From: Fed Weighs ‘Sterilized’ Bond Buying if It Act

Many Fed officials believe strongly the bank reserves it has created as part of this money creation aren’t an inflation threat. But they are acutely aware of a popular perception, also held by a few inside the Fed itself, that the money the Fed has created could cause an inflation problem down the road.

Karim writes:

Dealing with perceptions not reality.

7 Responses

  1. If people perceive the dollar as more valuable then cost of commodities could fall along with the equities markets?

  2. I think they are talking about increasing the money supply here, which funnily enough QE doesn’t do at all. Swapping reserves for troubled BANK assets increases m0, but doesn’t move m1 or m2 at all. Seriously, I just pulled the numbers the other day. The Fed might actually be right for once.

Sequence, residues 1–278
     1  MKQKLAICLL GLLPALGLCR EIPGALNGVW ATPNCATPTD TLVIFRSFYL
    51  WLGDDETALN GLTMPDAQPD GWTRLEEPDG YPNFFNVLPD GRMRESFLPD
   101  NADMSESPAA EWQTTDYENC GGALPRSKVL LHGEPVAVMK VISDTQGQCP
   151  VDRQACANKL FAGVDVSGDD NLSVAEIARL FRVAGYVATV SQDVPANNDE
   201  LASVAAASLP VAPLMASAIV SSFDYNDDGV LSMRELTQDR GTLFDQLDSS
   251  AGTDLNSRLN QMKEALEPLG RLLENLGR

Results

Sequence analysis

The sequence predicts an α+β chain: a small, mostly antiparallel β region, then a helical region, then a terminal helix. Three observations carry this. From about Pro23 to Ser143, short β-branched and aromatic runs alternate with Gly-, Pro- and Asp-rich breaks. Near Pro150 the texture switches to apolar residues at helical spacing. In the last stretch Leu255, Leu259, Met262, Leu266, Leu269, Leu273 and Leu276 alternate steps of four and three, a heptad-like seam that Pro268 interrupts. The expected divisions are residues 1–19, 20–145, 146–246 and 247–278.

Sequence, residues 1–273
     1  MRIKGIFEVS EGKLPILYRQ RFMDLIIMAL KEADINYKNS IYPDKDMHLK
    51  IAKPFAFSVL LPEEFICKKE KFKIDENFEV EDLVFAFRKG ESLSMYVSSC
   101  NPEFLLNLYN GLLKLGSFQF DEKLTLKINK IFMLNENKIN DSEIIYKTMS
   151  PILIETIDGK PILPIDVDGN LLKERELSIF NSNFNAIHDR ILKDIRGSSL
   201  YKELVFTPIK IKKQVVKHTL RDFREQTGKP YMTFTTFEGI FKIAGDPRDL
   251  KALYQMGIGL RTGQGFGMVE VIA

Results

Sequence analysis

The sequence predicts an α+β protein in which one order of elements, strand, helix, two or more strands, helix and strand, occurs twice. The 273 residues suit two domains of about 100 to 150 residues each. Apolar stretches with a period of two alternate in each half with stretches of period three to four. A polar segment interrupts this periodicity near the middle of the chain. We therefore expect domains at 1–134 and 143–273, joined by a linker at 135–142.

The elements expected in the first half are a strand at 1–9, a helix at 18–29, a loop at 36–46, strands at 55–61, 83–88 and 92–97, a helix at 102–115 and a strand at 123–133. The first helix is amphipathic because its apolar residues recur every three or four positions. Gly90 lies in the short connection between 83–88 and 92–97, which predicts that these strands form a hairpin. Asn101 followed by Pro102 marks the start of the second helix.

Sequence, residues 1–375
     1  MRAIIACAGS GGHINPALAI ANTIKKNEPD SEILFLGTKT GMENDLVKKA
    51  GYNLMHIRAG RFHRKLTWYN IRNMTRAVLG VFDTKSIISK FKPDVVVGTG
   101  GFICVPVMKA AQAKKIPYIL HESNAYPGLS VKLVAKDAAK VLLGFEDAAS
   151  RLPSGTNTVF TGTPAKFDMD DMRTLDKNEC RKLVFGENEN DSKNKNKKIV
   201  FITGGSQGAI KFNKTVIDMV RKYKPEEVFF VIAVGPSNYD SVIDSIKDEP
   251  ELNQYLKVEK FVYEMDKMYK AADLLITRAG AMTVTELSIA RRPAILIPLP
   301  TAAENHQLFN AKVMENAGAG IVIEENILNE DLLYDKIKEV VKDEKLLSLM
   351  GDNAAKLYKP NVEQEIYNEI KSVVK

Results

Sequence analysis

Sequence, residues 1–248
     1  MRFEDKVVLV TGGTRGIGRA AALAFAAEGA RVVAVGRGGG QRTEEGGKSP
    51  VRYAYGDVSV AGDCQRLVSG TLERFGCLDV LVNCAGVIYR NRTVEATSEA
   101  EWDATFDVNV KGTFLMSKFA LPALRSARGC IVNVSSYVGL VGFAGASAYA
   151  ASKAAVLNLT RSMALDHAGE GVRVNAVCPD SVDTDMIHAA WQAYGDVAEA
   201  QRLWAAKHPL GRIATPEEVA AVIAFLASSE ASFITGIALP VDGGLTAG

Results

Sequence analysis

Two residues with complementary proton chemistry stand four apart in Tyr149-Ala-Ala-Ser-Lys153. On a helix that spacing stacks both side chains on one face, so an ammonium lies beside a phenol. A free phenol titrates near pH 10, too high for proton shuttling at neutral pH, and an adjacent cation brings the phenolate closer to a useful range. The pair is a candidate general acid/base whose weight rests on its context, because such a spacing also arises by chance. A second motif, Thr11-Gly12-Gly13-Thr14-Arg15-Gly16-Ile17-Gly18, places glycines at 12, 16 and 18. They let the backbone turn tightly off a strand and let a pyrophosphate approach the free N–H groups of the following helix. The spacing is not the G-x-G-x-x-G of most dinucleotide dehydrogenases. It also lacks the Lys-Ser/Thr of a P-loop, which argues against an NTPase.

3. QE didn’t work too well, so they’re trying operation twist. Isn’t it great to live in a world where those in power cannot think of anything to do except flog dead horses?

    1. @dan,

      He’s still confused:

      “Is fractional reserve banking a bad thing?

      The U.S. has always had fractional reserve banking. People and businesses want and need “liquidity”, but the physical analog of liquidity is unemployment. The fundamental economic purpose of fractional reserve banking is to make it possible to have financial liquidity without the need to have physical resources sitting idle, waiting for that liquidity to be spent. It is likely that under a modern gold standard, fractional reserve banking would not be crisis-prone, as it has been in the past.”
      http://www.forbes.com/sites/louiswoodhill/2012/03/07/monetary-policy-faq-explaining-the-basics-of-the-dollar/

      Other places too.

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